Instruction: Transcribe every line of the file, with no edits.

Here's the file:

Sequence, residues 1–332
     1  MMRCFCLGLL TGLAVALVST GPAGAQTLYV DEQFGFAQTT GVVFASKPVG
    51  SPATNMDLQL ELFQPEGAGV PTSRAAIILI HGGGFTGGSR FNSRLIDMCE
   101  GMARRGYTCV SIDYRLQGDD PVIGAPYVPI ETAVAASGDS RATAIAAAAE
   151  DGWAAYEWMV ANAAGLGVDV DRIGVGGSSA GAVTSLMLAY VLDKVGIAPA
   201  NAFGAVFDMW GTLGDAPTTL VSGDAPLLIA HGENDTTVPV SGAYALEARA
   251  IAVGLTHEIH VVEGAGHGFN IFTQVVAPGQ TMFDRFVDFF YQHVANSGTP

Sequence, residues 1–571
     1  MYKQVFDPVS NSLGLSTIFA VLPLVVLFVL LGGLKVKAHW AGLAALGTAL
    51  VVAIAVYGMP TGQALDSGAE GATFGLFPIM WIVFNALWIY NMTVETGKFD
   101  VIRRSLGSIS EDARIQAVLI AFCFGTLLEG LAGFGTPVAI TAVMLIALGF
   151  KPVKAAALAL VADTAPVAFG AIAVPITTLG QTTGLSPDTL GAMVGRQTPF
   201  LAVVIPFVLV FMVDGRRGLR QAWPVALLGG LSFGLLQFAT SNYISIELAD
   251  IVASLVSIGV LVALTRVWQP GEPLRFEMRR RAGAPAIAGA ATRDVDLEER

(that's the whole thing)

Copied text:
Sequence, residues 1–332
     1  MMRCFCLGLL TGLAVALVST GPAGAQTLYV DEQFGFAQTT GVVFASKPVG
    51  SPATNMDLQL ELFQPEGAGV PTSRAAIILI HGGGFTGGSR FNSRLIDMCE
   101  GMARRGYTCV SIDYRLQGDD PVIGAPYVPI ETAVAASGDS RATAIAAAAE
   151  DGWAAYEWMV ANAAGLGVDV DRIGVGGSSA GAVTSLMLAY VLDKVGIAPA
   201  NAFGAVFDMW GTLGDAPTTL VSGDAPLLIA HGENDTTVPV SGAYALEARA
   251  IAVGLTHEIH VVEGAGHGFN IFTQVVAPGQ TMFDRFVDFF YQHVANSGTP

Sequence, residues 1–571
     1  MYKQVFDPVS NSLGLSTIFA VLPLVVLFVL LGGLKVKAHW AGLAALGTAL
    51  VVAIAVYGMP TGQALDSGAE GATFGLFPIM WIVFNALWIY NMTVETGKFD
   101  VIRRSLGSIS EDARIQAVLI AFCFGTLLEG LAGFGTPVAI TAVMLIALGF
   151  KPVKAAALAL VADTAPVAFG AIAVPITTLG QTTGLSPDTL GAMVGRQTPF
   201  LAVVIPFVLV FMVDGRRGLR QAWPVALLGG LSFGLLQFAT SNYISIELAD
   251  IVASLVSIGV LVALTRVWQP GEPLRFEMRR RAGAPAIAGA ATRDVDLEER